What are the Causes of Blount’s Disease?

The exact cause of Blount’s disease is not clearly understood. However, some possible causes have been suggested, including the following:

  • Childhood Obesity: Children who are obese or exhibit rapid weight gain have a tendency to develop this disease, as greater pressure is exerted at the physis of the tibia.
  • Early Walking: Infants who start to walk at an earlier age before they complete their first year (usually < 1 year) are more susceptible to developing the disease.
  • Ancestry: People of African and Hispanic descent are more susceptible to developing the disease.
  • Heredity: The disease can be inherited by autosomal dominant inheritance. A child who has a family member with Blount’s disease is more likely to inherit the disease.

Causes of Blount’s Disease

What are the Symptoms & Signs of Blount’s Disease?

Some of the common symptoms and signs are briefly highlighted below:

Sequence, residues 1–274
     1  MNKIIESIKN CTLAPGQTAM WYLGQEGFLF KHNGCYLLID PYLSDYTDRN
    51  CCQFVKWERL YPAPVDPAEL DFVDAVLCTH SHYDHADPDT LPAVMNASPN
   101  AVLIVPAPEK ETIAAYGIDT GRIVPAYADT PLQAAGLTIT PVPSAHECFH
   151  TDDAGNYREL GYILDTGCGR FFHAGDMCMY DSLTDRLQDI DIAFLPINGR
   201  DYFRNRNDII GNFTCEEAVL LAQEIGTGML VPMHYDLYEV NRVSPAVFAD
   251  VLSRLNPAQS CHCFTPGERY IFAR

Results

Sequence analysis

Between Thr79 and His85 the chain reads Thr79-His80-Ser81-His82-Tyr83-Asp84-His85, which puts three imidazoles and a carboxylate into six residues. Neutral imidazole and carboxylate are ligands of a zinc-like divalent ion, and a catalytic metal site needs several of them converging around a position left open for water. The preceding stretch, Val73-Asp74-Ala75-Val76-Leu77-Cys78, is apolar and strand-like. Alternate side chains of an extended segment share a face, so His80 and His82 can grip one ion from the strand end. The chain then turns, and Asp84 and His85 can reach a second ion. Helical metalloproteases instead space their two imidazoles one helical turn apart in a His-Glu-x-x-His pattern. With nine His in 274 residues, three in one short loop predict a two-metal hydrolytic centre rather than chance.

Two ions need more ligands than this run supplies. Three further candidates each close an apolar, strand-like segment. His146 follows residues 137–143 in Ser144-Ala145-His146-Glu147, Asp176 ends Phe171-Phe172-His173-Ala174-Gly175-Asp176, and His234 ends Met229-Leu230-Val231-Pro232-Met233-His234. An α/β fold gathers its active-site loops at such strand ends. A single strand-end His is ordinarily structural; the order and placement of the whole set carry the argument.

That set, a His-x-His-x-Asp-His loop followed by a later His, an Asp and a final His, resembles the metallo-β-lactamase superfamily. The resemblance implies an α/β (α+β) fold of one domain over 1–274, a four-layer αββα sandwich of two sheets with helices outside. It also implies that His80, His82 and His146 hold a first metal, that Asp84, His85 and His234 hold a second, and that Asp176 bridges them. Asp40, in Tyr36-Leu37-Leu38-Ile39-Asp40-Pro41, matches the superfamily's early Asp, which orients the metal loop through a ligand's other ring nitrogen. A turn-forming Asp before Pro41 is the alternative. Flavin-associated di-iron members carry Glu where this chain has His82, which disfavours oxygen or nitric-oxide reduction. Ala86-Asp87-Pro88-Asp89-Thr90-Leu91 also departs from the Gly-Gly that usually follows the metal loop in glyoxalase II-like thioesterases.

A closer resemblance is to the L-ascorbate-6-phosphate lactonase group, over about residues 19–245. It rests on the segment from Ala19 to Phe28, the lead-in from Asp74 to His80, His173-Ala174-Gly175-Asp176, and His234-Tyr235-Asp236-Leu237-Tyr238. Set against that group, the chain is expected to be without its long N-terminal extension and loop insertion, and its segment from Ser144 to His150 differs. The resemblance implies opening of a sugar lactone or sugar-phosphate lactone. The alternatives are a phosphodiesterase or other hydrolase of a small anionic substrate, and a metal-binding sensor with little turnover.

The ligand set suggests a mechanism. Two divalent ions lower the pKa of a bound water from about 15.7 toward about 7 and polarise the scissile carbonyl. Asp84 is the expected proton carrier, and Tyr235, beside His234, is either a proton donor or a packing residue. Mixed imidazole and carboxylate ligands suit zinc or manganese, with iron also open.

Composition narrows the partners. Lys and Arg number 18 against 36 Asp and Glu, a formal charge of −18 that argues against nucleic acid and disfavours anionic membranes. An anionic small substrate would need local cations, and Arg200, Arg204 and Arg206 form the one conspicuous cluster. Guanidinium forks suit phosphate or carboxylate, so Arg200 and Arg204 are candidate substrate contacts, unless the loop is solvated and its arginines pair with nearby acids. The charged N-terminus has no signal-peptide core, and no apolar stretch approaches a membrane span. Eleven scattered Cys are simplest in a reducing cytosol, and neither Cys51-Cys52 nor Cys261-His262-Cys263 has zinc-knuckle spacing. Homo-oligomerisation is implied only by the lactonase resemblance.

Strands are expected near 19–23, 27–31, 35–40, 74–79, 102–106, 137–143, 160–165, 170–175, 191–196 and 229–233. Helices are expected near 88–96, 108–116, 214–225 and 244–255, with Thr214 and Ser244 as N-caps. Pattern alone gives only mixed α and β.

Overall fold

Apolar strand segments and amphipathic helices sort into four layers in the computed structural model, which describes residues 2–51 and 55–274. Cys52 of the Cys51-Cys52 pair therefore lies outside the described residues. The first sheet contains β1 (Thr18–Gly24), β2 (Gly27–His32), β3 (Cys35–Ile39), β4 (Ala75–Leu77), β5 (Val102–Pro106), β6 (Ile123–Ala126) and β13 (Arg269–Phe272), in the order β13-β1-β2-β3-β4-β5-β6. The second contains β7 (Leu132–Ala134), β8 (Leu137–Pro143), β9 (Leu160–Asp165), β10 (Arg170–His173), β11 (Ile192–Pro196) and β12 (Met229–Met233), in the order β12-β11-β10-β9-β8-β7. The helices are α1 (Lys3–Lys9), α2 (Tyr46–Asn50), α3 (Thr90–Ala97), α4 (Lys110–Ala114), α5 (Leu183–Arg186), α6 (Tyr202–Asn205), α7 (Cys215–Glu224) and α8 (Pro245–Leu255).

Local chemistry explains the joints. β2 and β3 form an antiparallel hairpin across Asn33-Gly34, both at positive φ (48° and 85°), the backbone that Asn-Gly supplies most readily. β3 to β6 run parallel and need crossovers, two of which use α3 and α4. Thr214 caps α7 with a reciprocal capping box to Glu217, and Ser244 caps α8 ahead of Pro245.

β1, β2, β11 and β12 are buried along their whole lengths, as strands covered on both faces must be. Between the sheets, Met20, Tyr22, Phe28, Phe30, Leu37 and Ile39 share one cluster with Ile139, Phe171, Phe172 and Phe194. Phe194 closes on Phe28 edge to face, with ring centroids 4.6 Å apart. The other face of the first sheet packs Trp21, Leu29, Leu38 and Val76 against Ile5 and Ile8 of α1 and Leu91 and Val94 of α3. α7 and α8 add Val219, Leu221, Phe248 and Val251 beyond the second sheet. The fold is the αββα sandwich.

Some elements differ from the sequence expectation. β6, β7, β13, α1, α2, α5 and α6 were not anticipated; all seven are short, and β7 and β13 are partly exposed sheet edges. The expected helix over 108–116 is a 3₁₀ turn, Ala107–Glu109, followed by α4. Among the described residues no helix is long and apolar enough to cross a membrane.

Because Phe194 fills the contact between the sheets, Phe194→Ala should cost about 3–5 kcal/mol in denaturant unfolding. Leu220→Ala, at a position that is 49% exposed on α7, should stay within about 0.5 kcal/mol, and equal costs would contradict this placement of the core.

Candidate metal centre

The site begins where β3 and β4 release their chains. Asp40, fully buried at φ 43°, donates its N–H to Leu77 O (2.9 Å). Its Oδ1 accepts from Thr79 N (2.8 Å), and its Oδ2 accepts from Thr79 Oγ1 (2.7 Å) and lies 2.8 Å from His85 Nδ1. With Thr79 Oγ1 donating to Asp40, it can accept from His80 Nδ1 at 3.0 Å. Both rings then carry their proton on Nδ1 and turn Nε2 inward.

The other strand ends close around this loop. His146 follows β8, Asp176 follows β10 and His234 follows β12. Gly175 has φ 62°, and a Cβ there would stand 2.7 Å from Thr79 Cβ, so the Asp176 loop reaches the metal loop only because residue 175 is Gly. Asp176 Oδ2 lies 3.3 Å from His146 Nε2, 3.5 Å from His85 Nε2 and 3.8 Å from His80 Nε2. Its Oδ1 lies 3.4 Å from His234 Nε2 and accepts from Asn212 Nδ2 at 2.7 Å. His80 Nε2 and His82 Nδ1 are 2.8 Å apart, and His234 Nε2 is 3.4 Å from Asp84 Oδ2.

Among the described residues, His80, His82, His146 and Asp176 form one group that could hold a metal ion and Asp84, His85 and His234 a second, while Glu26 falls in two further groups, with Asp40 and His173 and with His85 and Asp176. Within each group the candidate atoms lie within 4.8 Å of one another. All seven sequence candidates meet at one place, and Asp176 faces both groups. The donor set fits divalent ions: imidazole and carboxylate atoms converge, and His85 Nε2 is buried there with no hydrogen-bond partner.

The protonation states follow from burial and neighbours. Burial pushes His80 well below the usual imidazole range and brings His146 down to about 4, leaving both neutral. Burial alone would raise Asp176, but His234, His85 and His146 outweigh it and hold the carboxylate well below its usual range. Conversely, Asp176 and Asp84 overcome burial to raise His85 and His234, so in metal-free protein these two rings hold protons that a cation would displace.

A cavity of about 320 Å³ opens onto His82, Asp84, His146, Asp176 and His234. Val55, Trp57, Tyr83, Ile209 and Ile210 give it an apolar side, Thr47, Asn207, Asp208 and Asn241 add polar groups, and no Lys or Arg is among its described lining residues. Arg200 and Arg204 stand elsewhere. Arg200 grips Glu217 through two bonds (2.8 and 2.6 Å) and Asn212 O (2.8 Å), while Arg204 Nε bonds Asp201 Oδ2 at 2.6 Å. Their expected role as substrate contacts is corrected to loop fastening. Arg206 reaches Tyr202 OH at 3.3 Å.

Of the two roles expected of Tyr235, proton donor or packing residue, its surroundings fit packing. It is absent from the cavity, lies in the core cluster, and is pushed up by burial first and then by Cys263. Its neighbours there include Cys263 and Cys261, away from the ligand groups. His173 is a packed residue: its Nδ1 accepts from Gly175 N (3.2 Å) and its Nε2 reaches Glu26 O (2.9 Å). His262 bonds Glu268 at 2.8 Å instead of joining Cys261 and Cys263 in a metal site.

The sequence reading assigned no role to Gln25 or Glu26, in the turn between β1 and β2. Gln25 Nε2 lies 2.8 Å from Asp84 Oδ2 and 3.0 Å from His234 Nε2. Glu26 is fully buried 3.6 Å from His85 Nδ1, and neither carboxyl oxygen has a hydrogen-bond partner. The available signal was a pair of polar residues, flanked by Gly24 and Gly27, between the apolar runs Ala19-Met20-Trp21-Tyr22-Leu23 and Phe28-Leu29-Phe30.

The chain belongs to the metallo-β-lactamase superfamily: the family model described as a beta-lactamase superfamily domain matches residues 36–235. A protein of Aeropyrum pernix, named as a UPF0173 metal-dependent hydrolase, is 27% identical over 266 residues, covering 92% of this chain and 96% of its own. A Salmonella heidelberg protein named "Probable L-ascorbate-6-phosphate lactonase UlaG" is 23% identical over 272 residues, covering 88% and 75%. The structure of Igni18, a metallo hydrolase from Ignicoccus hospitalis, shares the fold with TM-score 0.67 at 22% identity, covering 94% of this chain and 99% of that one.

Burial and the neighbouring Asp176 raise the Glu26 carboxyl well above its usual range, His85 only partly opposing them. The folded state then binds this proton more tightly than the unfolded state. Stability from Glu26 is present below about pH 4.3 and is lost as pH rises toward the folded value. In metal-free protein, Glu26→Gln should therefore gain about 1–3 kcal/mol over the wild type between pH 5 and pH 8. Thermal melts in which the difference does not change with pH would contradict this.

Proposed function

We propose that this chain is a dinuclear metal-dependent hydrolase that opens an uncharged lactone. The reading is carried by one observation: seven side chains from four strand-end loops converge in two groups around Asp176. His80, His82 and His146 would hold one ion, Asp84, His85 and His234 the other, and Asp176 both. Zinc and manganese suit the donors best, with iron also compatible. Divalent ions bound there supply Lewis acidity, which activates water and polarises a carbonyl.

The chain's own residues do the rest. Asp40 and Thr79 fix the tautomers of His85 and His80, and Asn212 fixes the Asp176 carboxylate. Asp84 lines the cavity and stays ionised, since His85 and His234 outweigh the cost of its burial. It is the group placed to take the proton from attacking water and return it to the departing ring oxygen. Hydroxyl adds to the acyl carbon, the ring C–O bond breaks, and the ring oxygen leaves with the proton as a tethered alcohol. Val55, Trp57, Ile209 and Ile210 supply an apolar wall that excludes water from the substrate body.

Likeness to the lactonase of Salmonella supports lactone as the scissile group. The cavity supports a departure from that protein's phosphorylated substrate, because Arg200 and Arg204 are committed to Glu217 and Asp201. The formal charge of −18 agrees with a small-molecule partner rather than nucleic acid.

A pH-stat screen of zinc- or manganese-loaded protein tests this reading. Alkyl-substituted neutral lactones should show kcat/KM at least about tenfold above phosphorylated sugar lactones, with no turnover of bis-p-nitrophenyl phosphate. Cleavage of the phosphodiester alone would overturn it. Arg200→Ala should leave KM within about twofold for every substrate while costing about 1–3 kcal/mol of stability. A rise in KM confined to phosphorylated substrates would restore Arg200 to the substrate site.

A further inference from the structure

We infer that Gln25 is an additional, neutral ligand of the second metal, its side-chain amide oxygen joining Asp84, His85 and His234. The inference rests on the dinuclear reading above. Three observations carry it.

• Bowed Legs: This is the most conspicuous symptom, also known as genu varum, which can occur in one leg or both legs. This is most evident when a child stands up and exhibits an awkward walking pattern.
  • Intoeing (Pigeon-toed): This refers to the turning of the feet and is quite common, often occurring in combination with bowed legs. Intoeing can cause frequent tripping of the child.
  • Pain & Discomfort: If untreated, prolonged bowing can cause pain and discomfort in the joints of the legs, such as the hips, knees and/or ankles, particularly in adolescent patients. This is due to the abnormal stress exerted by the deformed legs on these joints.

Symptoms and Signs of Blount’s Disease

How do you Diagnose Blount’s Disease?

Diagnosis of Blount’s disease is done in 3 steps. These involve a medical history of the patient, followed by a physical exam and X-ray.

  • Medical History: A detailed medical history will be taken, particularly to trace if there is a family history of the disease.
  • Physical Exam: The orthopedic surgeon will carefully examine the child to assess the condition. This is particularly important for differentiating Blount’s disease from physiological bowing.